Reducing spending should be about growth too

February 01, 2011 12:51 PM

This morning we heard some MPs calling on George Osborne to cut taxes now – and this would do much to help businesses and families in the recovery. Cutting the deficit by reducing spending can make tax cuts possible. But as 2020 Tax Commission Chairman Allister Heath says in City AM this morning, the Government’s plans are framed entirely in the context of a deficit reduction scheme; the implication being that they would have maintained those levels of spending if times were good.

But yet more academic literature has been released saying that high spending impedes economic growth. TaxPayers' Alliance research last year looked at another three academic analyses: using one performed by the European Central Bank, we worked out that GDP in 2010-11 is already £111 billion lower than it would have been without the increase in spending since 2000. That is equivalent to over £4,000 per family. The case for reducing spending from 51 per cent of GDP to cut the deficit is strong, but it should be about economic growth too, and this needs to be articulated by the Government.This morning we heard some MPs calling on George Osborne to cut taxes now – and this would do much to help businesses and families in the recovery. Cutting the deficit by reducing spending can make tax cuts possible. But as 2020 Tax Commission Chairman Allister Heath says in City AM this morning, the Government’s plans are framed entirely in the context of a deficit reduction scheme; the implication being that they would have maintained those levels of spending if times were good.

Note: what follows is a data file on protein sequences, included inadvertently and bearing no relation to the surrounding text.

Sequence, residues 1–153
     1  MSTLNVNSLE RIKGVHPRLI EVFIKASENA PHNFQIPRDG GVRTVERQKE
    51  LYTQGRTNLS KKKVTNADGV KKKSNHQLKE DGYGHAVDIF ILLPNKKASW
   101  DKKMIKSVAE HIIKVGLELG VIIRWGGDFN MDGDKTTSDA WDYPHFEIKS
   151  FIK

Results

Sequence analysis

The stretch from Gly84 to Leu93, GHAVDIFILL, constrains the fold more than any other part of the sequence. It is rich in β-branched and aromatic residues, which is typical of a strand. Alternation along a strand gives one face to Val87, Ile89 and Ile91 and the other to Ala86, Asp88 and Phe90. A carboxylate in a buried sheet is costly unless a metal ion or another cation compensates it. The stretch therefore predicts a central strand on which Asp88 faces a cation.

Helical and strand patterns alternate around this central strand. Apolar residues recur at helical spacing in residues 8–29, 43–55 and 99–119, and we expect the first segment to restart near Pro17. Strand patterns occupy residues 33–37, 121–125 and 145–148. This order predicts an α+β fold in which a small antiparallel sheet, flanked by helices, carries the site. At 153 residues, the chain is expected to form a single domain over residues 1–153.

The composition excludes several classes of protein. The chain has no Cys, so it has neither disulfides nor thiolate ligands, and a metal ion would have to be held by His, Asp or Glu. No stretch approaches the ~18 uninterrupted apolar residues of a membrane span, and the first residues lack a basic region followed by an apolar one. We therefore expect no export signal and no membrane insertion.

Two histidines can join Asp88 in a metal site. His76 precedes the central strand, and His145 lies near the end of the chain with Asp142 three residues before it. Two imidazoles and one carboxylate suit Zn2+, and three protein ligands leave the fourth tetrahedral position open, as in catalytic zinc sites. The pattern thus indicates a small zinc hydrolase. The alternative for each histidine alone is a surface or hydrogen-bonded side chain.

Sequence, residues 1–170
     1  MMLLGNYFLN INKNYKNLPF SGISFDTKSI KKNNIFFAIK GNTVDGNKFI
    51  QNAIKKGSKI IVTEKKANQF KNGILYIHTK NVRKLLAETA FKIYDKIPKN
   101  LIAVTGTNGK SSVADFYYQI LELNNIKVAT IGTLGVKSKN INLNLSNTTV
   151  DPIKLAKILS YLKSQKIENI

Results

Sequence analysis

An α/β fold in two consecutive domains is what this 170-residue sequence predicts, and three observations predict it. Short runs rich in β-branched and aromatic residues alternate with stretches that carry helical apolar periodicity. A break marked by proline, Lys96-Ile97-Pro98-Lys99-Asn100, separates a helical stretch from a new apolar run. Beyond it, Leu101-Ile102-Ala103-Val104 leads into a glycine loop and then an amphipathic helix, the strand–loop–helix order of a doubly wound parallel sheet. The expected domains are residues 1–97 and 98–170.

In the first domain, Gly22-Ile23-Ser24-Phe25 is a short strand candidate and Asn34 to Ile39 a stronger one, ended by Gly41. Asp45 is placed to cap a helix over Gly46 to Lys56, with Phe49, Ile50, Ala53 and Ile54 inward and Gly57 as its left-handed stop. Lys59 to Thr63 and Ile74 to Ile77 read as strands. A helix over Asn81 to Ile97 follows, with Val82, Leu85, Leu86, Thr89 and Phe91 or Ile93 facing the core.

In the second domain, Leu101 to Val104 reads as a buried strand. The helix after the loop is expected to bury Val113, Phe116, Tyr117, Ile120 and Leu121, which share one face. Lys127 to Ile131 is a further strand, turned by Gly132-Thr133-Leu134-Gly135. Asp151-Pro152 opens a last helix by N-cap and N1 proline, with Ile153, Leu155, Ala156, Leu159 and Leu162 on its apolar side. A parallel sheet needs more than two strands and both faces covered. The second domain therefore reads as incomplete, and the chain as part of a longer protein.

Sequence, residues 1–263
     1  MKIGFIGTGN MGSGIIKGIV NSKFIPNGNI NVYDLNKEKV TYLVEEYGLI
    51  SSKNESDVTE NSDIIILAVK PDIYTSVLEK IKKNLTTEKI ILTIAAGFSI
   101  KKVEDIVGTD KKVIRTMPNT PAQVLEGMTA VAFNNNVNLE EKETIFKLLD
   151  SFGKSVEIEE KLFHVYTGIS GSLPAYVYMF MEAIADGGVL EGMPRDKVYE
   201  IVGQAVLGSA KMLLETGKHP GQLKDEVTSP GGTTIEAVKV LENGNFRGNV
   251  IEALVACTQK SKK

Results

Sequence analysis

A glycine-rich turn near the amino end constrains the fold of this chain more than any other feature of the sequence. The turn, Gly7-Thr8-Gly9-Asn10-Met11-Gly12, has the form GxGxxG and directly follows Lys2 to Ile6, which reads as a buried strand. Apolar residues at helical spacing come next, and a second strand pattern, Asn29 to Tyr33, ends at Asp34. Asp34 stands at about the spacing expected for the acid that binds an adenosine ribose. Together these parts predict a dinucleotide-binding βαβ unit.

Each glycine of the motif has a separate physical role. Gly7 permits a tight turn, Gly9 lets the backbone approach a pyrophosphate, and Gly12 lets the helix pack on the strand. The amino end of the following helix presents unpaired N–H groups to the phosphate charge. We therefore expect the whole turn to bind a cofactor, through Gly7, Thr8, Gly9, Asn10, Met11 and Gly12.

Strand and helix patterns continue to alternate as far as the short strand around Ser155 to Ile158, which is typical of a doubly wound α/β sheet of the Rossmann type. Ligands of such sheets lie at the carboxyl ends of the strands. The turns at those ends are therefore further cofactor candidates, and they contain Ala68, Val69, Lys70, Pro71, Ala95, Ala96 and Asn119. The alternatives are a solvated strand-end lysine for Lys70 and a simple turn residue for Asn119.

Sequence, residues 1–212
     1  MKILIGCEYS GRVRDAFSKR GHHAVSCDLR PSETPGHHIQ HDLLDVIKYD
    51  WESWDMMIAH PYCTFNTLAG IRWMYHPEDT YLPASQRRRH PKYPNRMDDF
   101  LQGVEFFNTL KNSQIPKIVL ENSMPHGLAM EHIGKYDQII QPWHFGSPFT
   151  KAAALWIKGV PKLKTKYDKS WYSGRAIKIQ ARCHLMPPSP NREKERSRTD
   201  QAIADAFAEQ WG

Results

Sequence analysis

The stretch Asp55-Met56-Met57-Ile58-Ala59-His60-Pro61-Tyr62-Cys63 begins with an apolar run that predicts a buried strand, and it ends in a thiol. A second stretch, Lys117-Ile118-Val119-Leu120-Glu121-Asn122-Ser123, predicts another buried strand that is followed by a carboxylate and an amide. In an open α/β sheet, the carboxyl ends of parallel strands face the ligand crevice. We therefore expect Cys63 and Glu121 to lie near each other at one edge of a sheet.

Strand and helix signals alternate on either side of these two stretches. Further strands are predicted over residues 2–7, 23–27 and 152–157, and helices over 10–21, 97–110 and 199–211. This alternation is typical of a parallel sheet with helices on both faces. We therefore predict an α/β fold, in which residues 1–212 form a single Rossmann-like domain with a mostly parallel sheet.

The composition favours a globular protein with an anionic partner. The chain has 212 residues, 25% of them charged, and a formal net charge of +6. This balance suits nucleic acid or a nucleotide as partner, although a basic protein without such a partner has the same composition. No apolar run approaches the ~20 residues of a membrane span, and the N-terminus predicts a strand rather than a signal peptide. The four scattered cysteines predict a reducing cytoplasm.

But yet more academic literature has been released saying that high spending impedes economic growth. TaxPayers' Alliance research last year looked at another three academic analyses: using one performed by the European Central Bank, we worked out that GDP in 2010-11 is already £111 billion lower than it would have been without the increase in spending since 2000. That is equivalent to over £4,000 per family. The case for reducing spending from 51 per cent of GDP to cut the deficit is strong, but it should be about economic growth too, and this needs to be articulated by the Government.

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